No action for two officers and a written warning for the other despite being ruled guilty of misconduct over events leading up to A413 death crash

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Three Thames Valley Police officers escaped serious punishment today despite being found guilty of misconduct over their actions leading up to a crash which killed two loved ones.

The three officers were accused of failing to make the A413 safe after an accident, which was followed by a fatal accident in which two people died just 28 minutes later.

Thames Valley Police Officers PC David Stamp, PC Hugh Flanagan and PC Caroline Irwin faced eight counts of breaching standards of professional behavior. They were deemed to be guilty of five of the counts, a misconduct hearing at Shaw House in Newbury ruled today.

PC Stamp, who has been an officer for six years was found guilty of gross misconduct, and will serve 12 months under a written warning.

PC Flanagan and PC Irwin will have no action taken against them.

The breaches relate to a fatal road traffic accident in the early hours of 4 March 2014. on the A413 between Wendover and Great Missenden.

At 5.26 am Martin Kendall’s Volkswagen Passat skidded on ice across the carriageway and ended up in a ditch. PC Stamp, PC Irwin and Flanagan were then dispatched to the scene.

Shortly after this first incident, at 5.54 am, there was a fatal road traffic collision very close to the location of Mr Kendall’s accident which was caused or contributed by ice on the carriageway.

Malcolm Tindall and Carl Bird crashed head-on into each other and died in an icy collision that left another passenger with life threatening injuries.

Mr Michael Salter, legally qualified chair of the panel said this was a “Complex and nuanced case”.

The panel heard evidence over two weeks.

The three officers were found guilty of the following five counts :

- You had a duty to take reasonable steps to prevent persons traveling on the A413 from suffering harm.

- You failed to carry out any or any sufficient investigation of the circumstances leading to Mr Kendall’s accident.

- You failed to adequately address the risk to road users posed by the ice that had caused Mr Kendall’s accident.

- You failed to request that other officers attend the scene of Mr Kendall’s accident with appropriate warning signs.

- You left the scene of Mr Kendall’s accident without ensuring that the carriageway was safe for other road users to use.

Superintendent Yvette Hitch, giving antecedal evidence said all three were excellent police officers who had exhibited excellent public service, adding she would be more than happy to keep all of them to remain in her unit.

The hearing heard PC Flanagan experienced a loss of traction while attending the initial road traffic incident. He also noticed a taxi skidding to a halt when leaving the scene, along with “ a momentary loss of traction” when turning around near Mapridge Cottage. He said felt ‘on the edge of control’ while driving throughout that evening.

Mr Banham, defending said: “They have told the truth about the circumstances of their attendance, and at no stage either during the proved breaches have the officers honesty or integrity been undermined in any way.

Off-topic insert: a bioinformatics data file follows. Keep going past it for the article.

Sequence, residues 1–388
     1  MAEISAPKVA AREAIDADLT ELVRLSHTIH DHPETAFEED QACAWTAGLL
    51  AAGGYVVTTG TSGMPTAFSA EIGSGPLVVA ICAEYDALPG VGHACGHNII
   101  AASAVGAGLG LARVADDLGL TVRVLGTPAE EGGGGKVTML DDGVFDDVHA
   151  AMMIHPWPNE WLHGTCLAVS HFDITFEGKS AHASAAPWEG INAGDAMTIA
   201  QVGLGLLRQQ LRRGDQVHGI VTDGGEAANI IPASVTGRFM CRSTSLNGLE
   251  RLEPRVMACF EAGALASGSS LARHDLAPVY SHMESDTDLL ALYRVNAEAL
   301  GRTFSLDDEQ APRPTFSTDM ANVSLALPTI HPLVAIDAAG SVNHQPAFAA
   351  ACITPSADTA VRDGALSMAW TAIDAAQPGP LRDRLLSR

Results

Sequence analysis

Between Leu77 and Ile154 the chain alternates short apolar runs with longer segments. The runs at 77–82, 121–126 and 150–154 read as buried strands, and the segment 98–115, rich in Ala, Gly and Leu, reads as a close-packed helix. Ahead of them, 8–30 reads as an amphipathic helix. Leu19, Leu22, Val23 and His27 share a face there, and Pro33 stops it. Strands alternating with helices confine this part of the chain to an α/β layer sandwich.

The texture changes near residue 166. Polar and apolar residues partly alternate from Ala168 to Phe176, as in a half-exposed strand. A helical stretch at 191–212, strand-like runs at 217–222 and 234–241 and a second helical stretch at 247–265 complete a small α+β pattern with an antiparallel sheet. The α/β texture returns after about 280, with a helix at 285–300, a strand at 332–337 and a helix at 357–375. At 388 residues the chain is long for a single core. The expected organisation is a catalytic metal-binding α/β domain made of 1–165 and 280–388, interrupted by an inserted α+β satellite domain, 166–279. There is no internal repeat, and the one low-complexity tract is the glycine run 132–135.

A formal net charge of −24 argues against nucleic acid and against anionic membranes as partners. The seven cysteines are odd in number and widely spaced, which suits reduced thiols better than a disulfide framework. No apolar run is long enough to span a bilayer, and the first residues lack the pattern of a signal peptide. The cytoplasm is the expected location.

“It’s quite right members of the public would expect officers to act with honesty and integrity throughout their careers.

‘There are often judgement calls to be made by officers, some are right, some are wrong. The panel have heard about the cirumstances of the incident and it’s clear that the officers actions were outside of what would been expected, and that is why there is a breach of professional standards found.

“The officers have exhibited poor judgement at the scene, but not that he deliberately decided knowing a specific hazard, just that he did not investigate properly.

“It’s not in the public interest for otherwise commendable careers to end in an isolated incident of misconduct.”

Summing up, legal chair of the panel Michael Salter said: “This was an isolated and objective failure. These officers had no motive and there was no breach of trust.

“These officers have shown good character both pre and post incident.”

Deputy Chief Constable John Campbell said: “After carefully considering all of the evidence the panel concluded that the officers’ conduct amounted to gross misconduct and misconduct and they were in breach of the standards of professional behaviour; namely duties and responsibilities and discreditable conduct. PC Stamp has been issued with a written warning and PC Flanagan and PC Irwin will be given management advice. They have been left in no doubt about the seriousness of their actions.

“The Force’s response to the incidents has been subject to an independent investigation by the Independent Police Complaints Commission (IPCC)

“I will ensure that we continue to review the circumstances and where improvements to policy and procedures are identified, these will be implemented across the Force to ensure we deliver the best possible service to our communities.

“Our thoughts remain with the family and friends of the deceased men, Carl Bird and Malcolm Tindall, and everyone who has been affected by the tragic events almost three years ago.”